Democrats and Republicans have good ‘first date’ — Lowenthal

By Amanda Reilly | 04/21/2016 07:20 AM EDT

Republicans and Democrats had a good “first date” yesterday during the inaugural meeting of a new bipartisan caucus on climate change, said one of Congress’ top proponents of action against global warming.

Republicans and Democrats had a good "first date" yesterday during the inaugural meeting of a new bipartisan caucus on climate change, said one of Congress’ top proponents of action against global warming.

Rep. Alan Lowenthal (D-Calif.), who is both a member of the new bipartisan group and chairman of the all-Democrat Congressional Safe Climate Caucus, said after the meeting that he was optimistic that members from both parties could eventually sign on to a climate policy. But he said it was still too early to tell exactly what that policy might look like.

"We’re in the getting to know each other [phase] and dating," Lowenthal said. "No one is making any kind of commitment at this moment."


Seven members of the new bipartisan Climate Solutions Caucus, including Lowenthal, met yesterday morning to discuss the issue. The group also picked the brains of a representative from Statoil ASA, which supports a carbon pricing system, and New Zealand’s minister for climate change issues.

Driven by rising sea levels in their home state of Florida, Reps. Ted Deutch (D) and Carlos Curbelo (R) formed the new climate group in February to explore solutions to climate change. A total of 10 House members — five Democrats and five Republicans — have joined (E&E Daily, April 19).

Yesterday’s meeting represented a chance for caucus members to lay out their initial positions and possible solutions. Democrats and Republicans discussed the relative pros and cons of market-based approaches (Greenwire, April 20).

Lowenthal, who sat down with E&E Daily in the Capitol yesterday before giving a floor speech related to Earth Day, said he thought the discussion was "very positive" and the tone "very nice."

"It was an honest discussion," he said. "It was the first time we’ve actually sat down, and all we’re beginning to do is to begin to lay out what are the alternatives. No decisions. Obviously those who are going to support more market-based approaches are going to speak out for those, those who want more regulatory are going to speak out for those."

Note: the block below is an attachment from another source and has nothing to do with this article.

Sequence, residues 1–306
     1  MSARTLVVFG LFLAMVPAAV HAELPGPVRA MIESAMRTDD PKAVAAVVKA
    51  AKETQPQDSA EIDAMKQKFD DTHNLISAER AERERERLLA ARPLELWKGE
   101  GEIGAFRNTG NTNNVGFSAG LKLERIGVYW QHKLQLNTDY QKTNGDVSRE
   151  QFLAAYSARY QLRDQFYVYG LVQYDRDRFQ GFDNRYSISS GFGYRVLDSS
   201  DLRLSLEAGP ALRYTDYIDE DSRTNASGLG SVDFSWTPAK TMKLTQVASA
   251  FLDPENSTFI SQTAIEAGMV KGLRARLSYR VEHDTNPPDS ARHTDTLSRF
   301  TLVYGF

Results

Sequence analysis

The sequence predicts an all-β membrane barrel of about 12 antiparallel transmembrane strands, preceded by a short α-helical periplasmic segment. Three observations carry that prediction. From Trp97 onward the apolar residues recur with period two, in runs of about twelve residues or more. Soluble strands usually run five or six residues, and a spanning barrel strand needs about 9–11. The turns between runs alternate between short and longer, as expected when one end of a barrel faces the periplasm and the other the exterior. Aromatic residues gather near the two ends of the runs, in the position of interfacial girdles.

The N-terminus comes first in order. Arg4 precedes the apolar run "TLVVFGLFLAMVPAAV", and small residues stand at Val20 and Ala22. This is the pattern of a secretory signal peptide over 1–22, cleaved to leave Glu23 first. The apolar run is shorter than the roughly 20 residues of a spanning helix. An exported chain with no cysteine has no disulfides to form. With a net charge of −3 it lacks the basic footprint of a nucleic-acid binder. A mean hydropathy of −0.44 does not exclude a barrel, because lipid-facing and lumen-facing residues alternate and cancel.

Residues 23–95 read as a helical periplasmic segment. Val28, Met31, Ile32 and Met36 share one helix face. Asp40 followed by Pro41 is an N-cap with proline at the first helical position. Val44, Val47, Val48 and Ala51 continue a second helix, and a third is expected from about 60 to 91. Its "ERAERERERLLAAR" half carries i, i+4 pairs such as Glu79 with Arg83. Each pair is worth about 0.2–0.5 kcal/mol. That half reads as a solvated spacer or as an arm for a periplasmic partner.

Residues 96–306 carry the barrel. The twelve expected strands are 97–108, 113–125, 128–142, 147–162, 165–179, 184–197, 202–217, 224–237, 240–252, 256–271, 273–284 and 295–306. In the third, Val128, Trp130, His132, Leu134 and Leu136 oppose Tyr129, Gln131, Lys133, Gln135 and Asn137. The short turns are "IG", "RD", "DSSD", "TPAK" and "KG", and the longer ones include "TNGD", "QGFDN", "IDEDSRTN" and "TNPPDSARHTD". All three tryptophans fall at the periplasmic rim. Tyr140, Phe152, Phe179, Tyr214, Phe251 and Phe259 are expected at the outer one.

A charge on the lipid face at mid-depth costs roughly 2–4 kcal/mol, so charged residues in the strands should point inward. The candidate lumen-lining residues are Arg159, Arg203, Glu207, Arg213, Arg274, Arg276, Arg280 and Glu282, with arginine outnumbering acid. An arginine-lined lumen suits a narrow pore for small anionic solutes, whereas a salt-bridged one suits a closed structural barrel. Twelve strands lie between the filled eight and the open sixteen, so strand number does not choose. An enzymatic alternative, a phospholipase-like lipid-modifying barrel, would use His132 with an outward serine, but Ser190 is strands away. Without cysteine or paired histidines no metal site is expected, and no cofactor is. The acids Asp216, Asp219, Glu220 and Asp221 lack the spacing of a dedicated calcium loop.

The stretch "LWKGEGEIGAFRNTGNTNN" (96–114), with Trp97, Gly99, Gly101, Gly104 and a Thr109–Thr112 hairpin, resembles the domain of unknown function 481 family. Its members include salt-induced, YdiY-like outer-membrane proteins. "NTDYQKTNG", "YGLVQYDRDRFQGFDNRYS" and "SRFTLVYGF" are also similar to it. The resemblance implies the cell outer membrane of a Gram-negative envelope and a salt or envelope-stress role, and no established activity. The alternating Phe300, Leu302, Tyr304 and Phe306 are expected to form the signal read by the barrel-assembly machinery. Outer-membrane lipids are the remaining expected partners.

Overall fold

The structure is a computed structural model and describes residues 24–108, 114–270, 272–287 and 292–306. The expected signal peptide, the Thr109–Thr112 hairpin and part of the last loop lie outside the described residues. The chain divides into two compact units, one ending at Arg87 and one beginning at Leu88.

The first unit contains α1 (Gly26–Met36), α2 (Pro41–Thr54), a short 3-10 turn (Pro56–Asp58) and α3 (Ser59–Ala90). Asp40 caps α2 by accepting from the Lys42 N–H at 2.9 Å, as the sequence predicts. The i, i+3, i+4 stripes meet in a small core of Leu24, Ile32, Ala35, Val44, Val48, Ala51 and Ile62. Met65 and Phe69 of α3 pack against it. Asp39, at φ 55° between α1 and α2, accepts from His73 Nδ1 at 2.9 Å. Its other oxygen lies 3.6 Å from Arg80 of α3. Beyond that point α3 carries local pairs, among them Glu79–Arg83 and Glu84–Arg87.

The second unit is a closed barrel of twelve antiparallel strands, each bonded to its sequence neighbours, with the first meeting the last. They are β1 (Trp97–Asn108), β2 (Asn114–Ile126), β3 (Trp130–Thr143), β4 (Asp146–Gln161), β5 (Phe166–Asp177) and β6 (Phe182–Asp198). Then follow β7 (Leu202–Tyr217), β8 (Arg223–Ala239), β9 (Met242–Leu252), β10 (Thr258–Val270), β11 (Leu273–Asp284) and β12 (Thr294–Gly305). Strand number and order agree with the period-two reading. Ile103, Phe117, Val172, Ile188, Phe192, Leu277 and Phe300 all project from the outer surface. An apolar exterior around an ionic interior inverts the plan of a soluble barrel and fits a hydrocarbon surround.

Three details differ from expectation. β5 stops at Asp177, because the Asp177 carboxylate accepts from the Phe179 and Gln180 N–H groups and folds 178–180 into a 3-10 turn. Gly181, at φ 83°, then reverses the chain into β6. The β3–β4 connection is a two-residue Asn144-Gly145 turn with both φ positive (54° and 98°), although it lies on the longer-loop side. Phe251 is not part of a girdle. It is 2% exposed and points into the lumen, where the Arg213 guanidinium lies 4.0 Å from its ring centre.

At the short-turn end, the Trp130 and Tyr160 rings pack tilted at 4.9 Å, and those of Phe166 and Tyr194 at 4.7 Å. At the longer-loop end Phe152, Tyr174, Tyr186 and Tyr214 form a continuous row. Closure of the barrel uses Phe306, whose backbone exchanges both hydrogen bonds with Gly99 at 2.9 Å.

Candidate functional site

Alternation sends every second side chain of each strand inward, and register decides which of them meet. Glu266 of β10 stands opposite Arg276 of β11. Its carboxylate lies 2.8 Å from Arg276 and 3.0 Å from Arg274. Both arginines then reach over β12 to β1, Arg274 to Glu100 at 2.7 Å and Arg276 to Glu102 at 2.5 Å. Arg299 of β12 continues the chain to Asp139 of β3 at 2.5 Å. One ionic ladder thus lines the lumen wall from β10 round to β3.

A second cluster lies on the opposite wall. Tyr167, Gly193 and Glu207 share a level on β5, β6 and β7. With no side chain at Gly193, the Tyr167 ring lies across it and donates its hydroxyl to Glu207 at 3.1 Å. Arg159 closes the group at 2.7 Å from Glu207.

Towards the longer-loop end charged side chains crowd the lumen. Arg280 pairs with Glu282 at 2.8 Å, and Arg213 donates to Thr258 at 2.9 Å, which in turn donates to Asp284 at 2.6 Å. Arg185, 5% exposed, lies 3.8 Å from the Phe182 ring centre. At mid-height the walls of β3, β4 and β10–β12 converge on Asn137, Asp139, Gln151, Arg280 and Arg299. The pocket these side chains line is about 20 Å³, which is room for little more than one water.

Lowenthal said he believed having a representative from an international oil and gas company at the meeting made Republicans feel more comfortable about talking about such a divisive issue as climate change.

He added that there would "absolutely" be opportunities down the road for the new bipartisan group to work closely with his own all-Democratic caucus.

But at this point, he said 60 Democrats in the Safe Climate Caucus could overwhelm the few Republicans who have publicly come out in favor of climate change action.

Second date

Lowenthal said that he previously asked Curbelo and other GOP members to join his own caucus, but Republicans were hesitant to be the first of their party to join.

"Republicans are just feeling that wow, they have the freedom to at least begin these discussions," Lowenthal said. "We in the Democrats want to go full forward, but we’re going to — we’re just glad to develop this relationship."

He added: "I think there will be a second date."

While members of the caucus heralded yesterday’s discussion in the House, Republicans and Democrats remained at odds this week on the Senate side of the Capitol.

Republicans took to the floor to blast the Paris climate agreement, which calls on nations to limit global warming to 2 degrees Celsius and to pursue efforts to limit warming to 1.5 C. More than 160 nations are scheduled to sign at a ceremony in New York tomorrow.

Sen. James Inhofe (R-Okla.) said in a floor speech that the agreement was destined to fail, while Sen. John Barrasso (R-Wyo.) warned Obama administration officials that it would be illegal to contribute further funding to U.N. climate change efforts.

According to Barrasso, the United States would be violating a 1994 law if it contributed money either to the United Nations Framework Convention on Climate Change or the U.N.-administered Green Climate Fund for developing countries. That’s because Palestine, which the United States does not recognize as a state, joined the UNFCCC last month.

Barrasso led 28 Republican senators earlier this week in raising similar concerns in a letter to Secretary of State John Kerry.

"The pipeline of money that the Obama administration is planning to send to these organizations is shut off," Barrasso said in his floor speech yesterday.

Sen. Sheldon Whitehouse (D-R.I.) said in an interview earlier this week that the public was in favor of efforts to address climate change and that, for his GOP colleagues, speaking out against action was a "really foolish endeavor."

"I think it’s that this is not a good time to turn off young voters. This is not a good time to turn off realistic voters. This is not a good time turn off independent voters," Whitehouse said. "So if they want to come and quarrel about Paris, let them have it. They’re only hurting themselves."